This year (2023), we host our 16th Employment Law Breakfast Briefing. We decided to catch up with Robin Hyde of Purdy & Co. Solicitors to brief us on the Sick Leave Act 2022, and the legislative changes HR professionals, people managers and business owners need to familiarise themselves with.
What is the Sick Leave Act 2022?
The Sick Leave Act, 2022 (the “2022 Act”) provides for the first time in Ireland, statutory sick pay (the “SSP”) for employees. Whilst the 2022 Act was signed into law by the President on the 20th of July 2022, it was announced in early September that the 2022 Act would not come into effect until the 1st of January 2023.
The 2022 Act introduces a phased rollout for SSP as part of a four-year plan, with the number of entitled days gradually building as follows:
Subject to PRSI contributions, once the statutory entitlement to sick pay period ends, employees requiring additional time off may qualify for Illness Benefit from the Department of Social Protection.
Who is eligible for statutory sick pay?
To qualify for SSP, the 2022 Act requires the following criteria to be met:
The employee must have thirteen weeks of continuous service;
The day of absence must be a day an employee would ordinarily work;
The employee must have a valid medical certificate containing the following pieces of information:
In an official language recognised by the state;
Signed by a registered medical practitioner;
Detail that the named employee is unable to work.
How is statutory sick pay calculated?
An employer will be required to pay an employee the prescribed daily rate of payment in respect of each statutory sick leave day. SSP should be paid at a rate of 70% of an employee’s normal daily rate subject to a daily maximum threshold of €110 per day.
How does the 2022 act affect illness benefit?
SSP aims to close the gap for employees in regard to claiming Illness Benefit. Nothing in the 2022 Act will prevent an employee from claiming Illness Benefit.
Illness Benefit may be payable from the Department of Social Protection directly to an employee subject to certain PRSI eligibility requirements.
What about untaken statutory sick leave?
Statutory sick leave may be taken consecutively or non-consecutively in any 12-month period. Untaken statutory sick leave cannot be carried into the next leave year, and employees are not entitled to be paid in lieu of termination.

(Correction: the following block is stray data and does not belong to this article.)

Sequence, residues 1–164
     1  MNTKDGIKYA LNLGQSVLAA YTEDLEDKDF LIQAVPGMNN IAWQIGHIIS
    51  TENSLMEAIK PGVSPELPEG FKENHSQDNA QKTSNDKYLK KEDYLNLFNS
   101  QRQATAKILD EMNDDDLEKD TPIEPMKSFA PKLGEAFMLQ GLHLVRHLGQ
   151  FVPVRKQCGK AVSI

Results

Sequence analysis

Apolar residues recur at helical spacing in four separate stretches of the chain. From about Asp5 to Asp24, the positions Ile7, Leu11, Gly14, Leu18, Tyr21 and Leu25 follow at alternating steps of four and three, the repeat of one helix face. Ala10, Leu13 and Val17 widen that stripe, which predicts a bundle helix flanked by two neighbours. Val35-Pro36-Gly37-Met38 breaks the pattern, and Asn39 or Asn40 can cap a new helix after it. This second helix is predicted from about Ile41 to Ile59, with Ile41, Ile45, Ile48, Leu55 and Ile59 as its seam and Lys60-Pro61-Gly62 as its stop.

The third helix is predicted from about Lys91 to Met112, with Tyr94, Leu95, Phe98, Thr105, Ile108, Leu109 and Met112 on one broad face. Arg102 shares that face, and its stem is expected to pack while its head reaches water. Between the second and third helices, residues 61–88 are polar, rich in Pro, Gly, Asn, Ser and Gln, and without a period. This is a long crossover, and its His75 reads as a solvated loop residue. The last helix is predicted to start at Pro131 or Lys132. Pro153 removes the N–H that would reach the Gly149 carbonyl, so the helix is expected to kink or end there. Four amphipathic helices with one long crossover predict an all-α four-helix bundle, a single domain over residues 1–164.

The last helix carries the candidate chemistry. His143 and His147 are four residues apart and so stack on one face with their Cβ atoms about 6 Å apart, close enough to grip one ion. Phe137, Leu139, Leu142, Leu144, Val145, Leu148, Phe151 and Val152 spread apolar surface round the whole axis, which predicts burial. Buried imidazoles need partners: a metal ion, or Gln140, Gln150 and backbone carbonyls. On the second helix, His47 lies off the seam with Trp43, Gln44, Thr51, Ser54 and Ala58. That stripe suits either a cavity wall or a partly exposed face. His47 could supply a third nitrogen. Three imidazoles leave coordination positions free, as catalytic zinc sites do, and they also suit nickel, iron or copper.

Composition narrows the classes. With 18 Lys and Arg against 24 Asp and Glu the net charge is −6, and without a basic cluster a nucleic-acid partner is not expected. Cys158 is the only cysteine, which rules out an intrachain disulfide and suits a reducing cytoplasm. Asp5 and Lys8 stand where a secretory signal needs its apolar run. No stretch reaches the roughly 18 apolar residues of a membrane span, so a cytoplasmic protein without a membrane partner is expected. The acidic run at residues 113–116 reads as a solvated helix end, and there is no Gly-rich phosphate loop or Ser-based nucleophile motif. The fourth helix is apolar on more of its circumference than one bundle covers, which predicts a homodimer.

Where do employees go to make a complaint?
An employee who believes their employer has failed to comply with the 2022 Act may make a complaint to the Workplace Relations Commission. If successful, an employee is awarded up to four week's remuneration.
What if the company already has a sick pay scheme in place?
If an employer has an existing private sick pay scheme, they are not required to provide SSP provided the private scheme is more favourable to its employee than the obligations set out in the 2022 Act.
Are there any exemptions from paying sick pay?
An employer may be declared exempt from having to provide SSP if the Labour Court deems the business to be experiencing severe financial difficulty.
Employers will be required to maintain records of statutory sick leave taken by employees. The employer must retain such records for a period of four years from the date on which the statutory sick leave is taken. Failure to comply with the record-keeping requirement may result in a fine of up to €2,500.
Whilst not required by law, employers should consider whether implementing a statutory sick pay policy would be beneficial as a guideline for employees. Equally, employers must be mindful of how statutory sick leave will sync with their existing absence management and sick pay policies. For example, when it comes to an absence management policy, medical certificates are often required to be submitted on the 2nd/3rd continuous day of absence. However, if an employee is seeking to receive statutory sick pay, they will be required to provide a medical certificate from day one. As such, employers should consider distinguishing between the two requirements to avoid disparity.
If you are an employer with an existing sick pay scheme, you will need to consider whether the terms of this scheme are more favourable than the requirements under the 2022 Act. If not, you will need to begin taking steps to either discontinue the scheme or to update it to bring it in line with the 2022 Act. You can find out further information on changes to ‘leave and holidays’ through the Citizens Information website.
Collins McNicholas host an annual Employment Law Event for business owners, hiring managers and HR professionals in conjunction with Alastair Purdy & Co. Solicitors. This event addresses employment law issues at work, from employment equality and terms and conditions through to termination of employment and employees’ rights, as well as information on new and amended regulations and rates.